Actually � I have way too many non-paying jobs keeping me busy around the clock.
Here is my 2 cents on tech success ...
Mainstream success and "success in true innovations" are often running on two conflicting tracks.
Mainstream success, especially when applied to the modern IT world, depends a lot on:
- excellent marketing of the concept/product
- simplicity of solution � so the customer/developer will have confidence that they know what they�re buying/adopting immediately; people don't buy what they don't understand!
While mainstream success helps a lot of companies to make lots of short/mid-term profit, it is success in true innovation that moves the state of the art forward - and often benefits the world.
Some examples for those old enough to remember:
(1) Early Day Programming Languages�
the mainstream success of COBOL as a programming language � verbose and easy to understand English-like syntax
while success in true innovation continues to occur in other �research languages� such as Pascal and C, etc � considerably harder to learn and takes weeks or months to become fluent
(2) Early Days Networking
the early day mainstream success of BBS and USENET based relay connection using acoustic modems � easy to use and understand, connect up and download news and email
while success in true innovation continues to occur in TCP/IP � a very complex protocol stack that has far reaching potential � considerably harder to learn and takes weeks or months of commitment
(3) Today
The mainstream success of SOAP and dot NET, etc � a verbose and easy to understand text based visual tunneling protocol, an easy to understand client/server model of operation, leading to the re-invention of modernized mainframe timesharing services offered by a megalith
While success in true innovation continues to occur in technologies such as Jini and JXTA - distributed networking substrates that enable new category of applications -something that takes weeks if not months of commitment just to figure out what it is!
In every example above, there are repeat (and often invisible) consumers for the �true innovation� category of technology � one being embedded equipment manufacturer where all the advance technologies are �inside the box�, enabling them to blow away the competition; and another repeat consumer is the military, they just need to �stay one step ahead of the game�, enabling them to blow� well�.. enough said!
<boiler plate follows�>
Thank you, everyone, for a fascinating discussion this week and posting excellent questions. Congrats to the lucky winners.
Anybody who is interested in JXTA should definitely check out the open source site where everything is happening. http://www.jxta.org/ It is where I hang out. There are many commercial companies that are profiled there, complete with links to their websites and description of their products and services.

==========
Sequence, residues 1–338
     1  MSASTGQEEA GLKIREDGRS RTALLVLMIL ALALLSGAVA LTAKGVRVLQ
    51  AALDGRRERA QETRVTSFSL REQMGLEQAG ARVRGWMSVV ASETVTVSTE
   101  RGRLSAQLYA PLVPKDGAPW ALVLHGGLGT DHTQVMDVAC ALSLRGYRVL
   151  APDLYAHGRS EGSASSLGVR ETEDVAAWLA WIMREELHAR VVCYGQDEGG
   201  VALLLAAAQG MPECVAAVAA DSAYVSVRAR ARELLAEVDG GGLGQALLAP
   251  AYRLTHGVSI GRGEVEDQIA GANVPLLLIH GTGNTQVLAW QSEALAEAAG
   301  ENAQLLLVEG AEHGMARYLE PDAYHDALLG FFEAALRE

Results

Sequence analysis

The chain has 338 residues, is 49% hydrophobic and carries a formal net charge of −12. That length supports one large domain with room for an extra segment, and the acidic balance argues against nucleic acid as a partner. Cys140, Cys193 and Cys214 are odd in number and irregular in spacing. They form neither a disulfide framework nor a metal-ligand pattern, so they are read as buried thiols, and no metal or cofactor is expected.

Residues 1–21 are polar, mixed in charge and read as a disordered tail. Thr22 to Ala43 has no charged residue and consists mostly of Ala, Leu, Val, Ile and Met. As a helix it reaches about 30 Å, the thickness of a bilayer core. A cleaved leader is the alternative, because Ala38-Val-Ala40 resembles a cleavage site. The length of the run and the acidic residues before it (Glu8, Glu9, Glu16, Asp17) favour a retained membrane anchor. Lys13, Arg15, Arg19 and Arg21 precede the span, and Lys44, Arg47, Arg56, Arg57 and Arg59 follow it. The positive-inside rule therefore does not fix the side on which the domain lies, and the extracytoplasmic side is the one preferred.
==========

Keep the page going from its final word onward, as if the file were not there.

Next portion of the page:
Of course, my book should also help you to get a quick start on it .
Best Regards,
Sing Li
18 years ago
Michael,
You're amazing. The ranch is very fortunate to have you. I hope you'll make it over to jxta.org someday.
While I would never say transactions are "NEVER" applicable to pure P2P systems, what you say is pretty darn accurate with respect to the 'current thinking' amongst both the academics and bleeding edge architects.
Jini does use 'loose' transactions to perform 2PC based distributed synchronization (non ACID)... but that's definitely not traditional "transactions", but rather a novel use of the mechanism that enables distributed transactions.
Essentially, the question has no "correct" answer, and is up to some innovators to prove us all wrong.
.. boiler plate follows...
Thank you, everyone, for a fascinating discussion this week and posting excellent questions. Congrats to the lucky winners.
Anybody who is interested in JXTA should definitely check out the open source site where everything is happening. http://www.jxta.org/ It is where I hang out. There are many commercial companies that are profiled there, complete with links to their websites and description of their products and services.
Of course, my book should also help you to get a quick start on it .
Best Regards,
Sing Li
18 years ago
Thank you, everyone, for a fascinating discussion this week and posting excellent questions. Congrats to the lucky winners.
Anybody who is interested in JXTA should definitely check out the open source site where everything is happening. http://www.jxta.org/ It is where I hang out. There are many commercial companies that are profiled there, complete with links to their websites and description of their products and services.
Of course, my book should also help you to get a quick start on it
Best Regards,
Sing Li
18 years ago
Gerry,
Sorry but I do not know of any JXTA compatible mobile agents API/toolkit.
Hi Michael,
If you do get around to do it, please drop me an email - or post on discuss at jxta.org. I can help to put it on the fast track.
You *will* be loved by all Robocode fanatics the world over ;-)
Best Regards,
Sing Li
18 years ago